The Hisense H8C is a budget 4k TV, with good picture quality that is uncommon for the price. It has little motion blur and supports a wide range of inputs. Unlike most TVs in the price range, it supports some higher end features such as local dimming and motion interpolation. The Opera TV based smart OS works well too. The biggest downside is the picture quality degrades very rapidly when viewed at a slight angle.
The design is basic, but there are a couple of nice touches which help it to stand out from other budget TVs. The whole TV is plastic, but the bottom of the TV and the legs have a slightly nicer finish. The borders are quite thin and look good.
The Hisense H8C has a good picture quality. The native contrast ratio and black uniformity are excellent and translate in a very good dark room performance. The 10 bit panel is able to display fairly well the color variance without any specific banding and lower resolution content upscaling is also good. However, the average peak brightness, poor local dimming performance and average color gamut coverage hinder the picture quality score. The picture quality also degrades very rapidly when viewed at an angle.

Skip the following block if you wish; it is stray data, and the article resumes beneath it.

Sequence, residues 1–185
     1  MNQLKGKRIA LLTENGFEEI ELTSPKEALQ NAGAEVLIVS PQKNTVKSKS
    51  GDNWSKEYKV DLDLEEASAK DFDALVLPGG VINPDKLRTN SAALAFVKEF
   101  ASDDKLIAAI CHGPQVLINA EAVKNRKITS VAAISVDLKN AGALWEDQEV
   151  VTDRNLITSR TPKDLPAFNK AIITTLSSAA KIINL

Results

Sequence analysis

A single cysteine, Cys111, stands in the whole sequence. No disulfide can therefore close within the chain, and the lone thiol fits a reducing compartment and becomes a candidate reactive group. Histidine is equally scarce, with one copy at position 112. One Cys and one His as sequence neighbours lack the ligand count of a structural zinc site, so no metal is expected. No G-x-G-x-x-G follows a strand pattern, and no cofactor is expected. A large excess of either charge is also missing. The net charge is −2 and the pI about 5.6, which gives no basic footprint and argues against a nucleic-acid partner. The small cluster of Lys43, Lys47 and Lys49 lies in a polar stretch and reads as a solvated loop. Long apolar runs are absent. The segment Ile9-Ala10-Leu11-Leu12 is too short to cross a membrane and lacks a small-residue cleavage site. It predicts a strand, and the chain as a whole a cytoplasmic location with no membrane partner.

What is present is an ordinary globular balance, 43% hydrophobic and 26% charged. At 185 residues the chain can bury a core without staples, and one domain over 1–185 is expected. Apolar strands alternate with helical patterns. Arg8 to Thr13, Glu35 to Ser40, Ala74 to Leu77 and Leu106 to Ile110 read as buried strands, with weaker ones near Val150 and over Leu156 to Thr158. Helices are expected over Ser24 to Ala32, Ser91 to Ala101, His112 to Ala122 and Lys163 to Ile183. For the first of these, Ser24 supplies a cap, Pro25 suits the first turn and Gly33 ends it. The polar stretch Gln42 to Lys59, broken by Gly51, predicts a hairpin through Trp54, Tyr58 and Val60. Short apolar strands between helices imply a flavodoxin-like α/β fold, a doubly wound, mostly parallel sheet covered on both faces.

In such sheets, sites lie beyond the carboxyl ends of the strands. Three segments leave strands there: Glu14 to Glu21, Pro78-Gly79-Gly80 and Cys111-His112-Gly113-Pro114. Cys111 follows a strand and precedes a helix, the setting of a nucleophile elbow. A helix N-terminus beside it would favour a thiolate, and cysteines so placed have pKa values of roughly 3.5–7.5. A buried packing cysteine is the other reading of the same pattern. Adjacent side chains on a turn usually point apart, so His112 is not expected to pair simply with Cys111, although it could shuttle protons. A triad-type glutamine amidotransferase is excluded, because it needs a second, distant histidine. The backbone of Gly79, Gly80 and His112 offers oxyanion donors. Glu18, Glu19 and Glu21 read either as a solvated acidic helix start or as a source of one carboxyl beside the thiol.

The contrast ratio is great, and results in good dark scene performance even in a blacked out room.
Although the H8C features a full-array backlight, it doesn't have many zones and takes a while to turn regions on and off. We recommend disabling it, as it is not very effective.
A red tint can be seen preceding the white square or circle, this is due to the fact that the red sub-pixel having a different response time than the green and blue one. It is the first time that we noticed a difference big enough that we could see it on our test video.
Like the HDR peak brightness, the SDR peak brightness is bellow average. The local dimming dimmed the small highlight, but this is less problematic for regular content than HDR. Overall, the peak brightness is a bit less high than what the TV can reach while in HDR mode, but should be enough to enjoy normal content in a dark room environment.
The peak brightness is slightly below average. We do this test local dimming enabled, and we find that the small windows are dimmed. As such, highlights don't stand out very much but the whole screen can get quite bright which is good to counter ambient light.
The gray uniformity is slightly below average. Some vertical bands which are slightly warmer are visible, and all four corners are very dark. Sports or other scenes where there is panning over uniform surfaces will result in a visible dirty screen effect.